THE EDITOR: When music is provided at a Carnival event, the event promoter is charged with the responsibility of securing a Carnival event licence for a set fee in order to fully cover the use of all musical content at the event.
In TT, the three collective management organisations (CMOs) that are vested with the authority of issuing such a licence, are the Copyright Music Organisation of TT (COTT), The Trinidad and Tobago Copyright Collection Organisation (TTCO), and Advancing Writers Entertainers Singers On Music Endeavours (AWESOME Intel).
While the long-standing dispute surrounding the need to have a separate licence from all three CMOs has been clarified by the Ministry of Legal Affairs’ Intellectual Property Office (IPO), this legal obligation has triggered another major issue of contention for event promoters that needs to be urgently addressed.
As it stands, the rates charged by CMOs are being identified by event promoters as financially burdensome cumulatively.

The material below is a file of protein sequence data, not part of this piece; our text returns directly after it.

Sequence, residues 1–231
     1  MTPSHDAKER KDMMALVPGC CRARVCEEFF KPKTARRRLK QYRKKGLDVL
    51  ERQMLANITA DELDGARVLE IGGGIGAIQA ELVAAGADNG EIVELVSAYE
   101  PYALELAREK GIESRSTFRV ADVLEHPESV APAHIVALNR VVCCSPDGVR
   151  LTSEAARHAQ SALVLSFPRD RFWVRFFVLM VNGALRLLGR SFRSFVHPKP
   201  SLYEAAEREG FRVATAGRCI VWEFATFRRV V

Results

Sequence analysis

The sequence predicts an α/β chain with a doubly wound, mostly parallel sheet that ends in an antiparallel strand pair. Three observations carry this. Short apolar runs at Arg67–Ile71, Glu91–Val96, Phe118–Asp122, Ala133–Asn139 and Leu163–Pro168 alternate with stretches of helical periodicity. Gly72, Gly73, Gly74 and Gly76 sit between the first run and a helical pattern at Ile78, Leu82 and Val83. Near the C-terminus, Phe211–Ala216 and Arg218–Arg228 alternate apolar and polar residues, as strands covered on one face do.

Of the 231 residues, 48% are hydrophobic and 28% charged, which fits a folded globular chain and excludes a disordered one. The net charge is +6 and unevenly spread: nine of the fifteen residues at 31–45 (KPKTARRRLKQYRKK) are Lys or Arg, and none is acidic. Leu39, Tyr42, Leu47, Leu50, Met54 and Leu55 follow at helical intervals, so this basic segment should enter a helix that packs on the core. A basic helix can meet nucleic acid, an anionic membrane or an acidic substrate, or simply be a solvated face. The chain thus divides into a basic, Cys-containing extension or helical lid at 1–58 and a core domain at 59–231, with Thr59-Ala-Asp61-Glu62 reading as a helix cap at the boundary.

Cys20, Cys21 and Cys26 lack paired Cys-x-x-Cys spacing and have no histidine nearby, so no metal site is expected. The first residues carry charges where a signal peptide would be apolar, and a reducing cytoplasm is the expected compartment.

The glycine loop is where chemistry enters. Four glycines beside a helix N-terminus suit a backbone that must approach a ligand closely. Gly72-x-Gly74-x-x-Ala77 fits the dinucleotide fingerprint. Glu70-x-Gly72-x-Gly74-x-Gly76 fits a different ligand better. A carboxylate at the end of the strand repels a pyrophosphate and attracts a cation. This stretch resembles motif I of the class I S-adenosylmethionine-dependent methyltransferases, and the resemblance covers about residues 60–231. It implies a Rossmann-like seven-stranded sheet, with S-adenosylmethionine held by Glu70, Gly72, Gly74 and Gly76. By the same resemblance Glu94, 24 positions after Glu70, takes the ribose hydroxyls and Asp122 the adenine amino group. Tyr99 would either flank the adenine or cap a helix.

This area of contention is not healthy and, if not addressed, could lead to a collapse of the industry should event promoters remove their investment capital for more favourable opportunities.
In this regard, I would like to recommend that event promoters and CMOs meet and discuss this situation in an effort to reach a position where all parties can be satisfied or, at least, not dissatisfied.
The IPO has long offered its services to facilitate such discussions by way of mediation and it is about time we take the opportunity. These discussions should be mandatory rather than voluntary.
I hereby make a further appeal to all parties concerned, to come together to pursue the best solution possible and in so doing, ensure the survival and proliferation of our music industry’s intellectual property landscape.
Fabien Alfonso via e-mail